Blepharitis occurs when the glands or eyelash follicles become blocked and infected, causing redness, swelling and irritation at the edges of the eyes. Blepharitis is common in children and adults and usually appears in both eyes at the same time.
Although blepharitis may seem minor, it can be uncomfortable, unsightly and difficult to resolve. Left untreated, it can lead to other eye conditions, including styes and conjunctivitis – so it’s important to see your ophthalmologist if you notice symptoms.
Causes and associated conditions
The exact cause of blepharitis can be difficult to pinpoint. While a bacterial infection in the eyelid is usually present, underlying conditions and irritants in the eye can be the initial cause of the infection. Dry eye, rosacea, eczema, dandruff, chemical fumes or smoke, injuries to the eye and even eyelash lice are associated with blepharitis.
Very rarely, blepharitis is related to a growth in the eyelid, such as a basal cell carcinoma or rodent ulcer.
Signs and symptoms
The most obvious signs are swelling and redness at the margins of the eyelid. Anterior blepharitis affects the lower lid and posterior is in the upper lid – you may need to lift the eyelid to see it.
A feeling of an object in the eye
- Scratchiness or itchiness
- Watery eyes
- Frothy tears
- Excessive blinking
- Light sensitivity (photophobia)
- Crusty or sticky eyelashes
- Painful or tender eyelids
- Thickening and redness at the edge of the eyelids
- Loss of eyelashes
Your ophthalmologist should be able to diagnose blepharitis through a simple eye exam – possibly using a slit lamp to get a close look.
In some cases, blepharitis won’t be fully resolved, but long-term treatment can keep symptoms under control.
Because blepharitis often starts with an infection in the eyelid, treating that is the first step. An antibiotic ointment can be applied to your affected eyelid using a cotton bud once or twice daily. In severe cases, your ophthalmologist may prescribe oral antibiotics.
If your blepharitis is caused by an underlying condition, such as dry eye or dermatitis, treating that may also help clear the inflammation in your eyelids. This may involve input from your ophthalmologist or GP.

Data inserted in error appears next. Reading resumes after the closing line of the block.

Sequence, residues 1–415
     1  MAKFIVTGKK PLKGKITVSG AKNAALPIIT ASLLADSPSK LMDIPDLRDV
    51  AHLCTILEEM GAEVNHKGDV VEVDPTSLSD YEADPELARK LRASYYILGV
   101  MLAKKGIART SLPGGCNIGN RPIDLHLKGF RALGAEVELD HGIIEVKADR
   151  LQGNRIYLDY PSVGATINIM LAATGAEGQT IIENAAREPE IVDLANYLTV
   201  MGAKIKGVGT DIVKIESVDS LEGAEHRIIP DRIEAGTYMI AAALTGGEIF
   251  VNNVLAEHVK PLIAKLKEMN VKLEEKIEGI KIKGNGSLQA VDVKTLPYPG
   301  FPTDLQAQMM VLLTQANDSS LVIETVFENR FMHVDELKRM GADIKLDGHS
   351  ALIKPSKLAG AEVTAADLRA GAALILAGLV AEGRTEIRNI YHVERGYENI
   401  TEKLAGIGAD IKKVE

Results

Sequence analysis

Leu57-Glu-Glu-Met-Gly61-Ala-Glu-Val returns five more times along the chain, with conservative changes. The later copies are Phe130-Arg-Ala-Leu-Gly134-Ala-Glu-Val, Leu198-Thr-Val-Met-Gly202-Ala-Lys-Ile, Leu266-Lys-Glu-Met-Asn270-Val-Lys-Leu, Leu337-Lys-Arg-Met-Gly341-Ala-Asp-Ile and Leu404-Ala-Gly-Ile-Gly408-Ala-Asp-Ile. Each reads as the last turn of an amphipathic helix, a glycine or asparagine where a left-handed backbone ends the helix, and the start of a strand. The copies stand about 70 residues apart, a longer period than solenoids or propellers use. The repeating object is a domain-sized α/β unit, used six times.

Treat your Blepharitis at our Dry Eye Clinic.
Caring for the eyelid
A regular eyelid care routine may help resolve the condition or manage symptoms long-term. At first, you will need to go through the routine twice a day, then once or twice a week when inflammation is under control.
Step 1: Massage (posterior)
Wash your hands thoroughly, then gently massage the edge of each eyelid in a rolling motion, working inwards (as shown). This helps to break down any blockages and drain the meibomian glands.
Step 2: Clean (anterior)
Gently wipe the eyelid using a clean tissue or cotton bud and warm water. Your ophthalmologist may recommend using a few drops of baby shampoo or another gentle cleanser or give you special cleansing wipes to use – ask about your options.
Step 3: Compress
Wet a clean flannel or tissue with warm water and press to the margin of the eyelid for a minute or two. If needed, add salt or bicarbonate to the water to loosen crusted material and relieve pain.
General care tips
Avoid rubbing or scratching your eyelids, and always wash your hands thoroughly before starting your care routine. Use a clean cloth, tissue or cotton bud for each eye. During treatment, don’t use eyeliner, eyeshadow or mascara, as these can aggravate the condition. Contact lenses can also be irritating, so they should not be worn until symptoms are under control.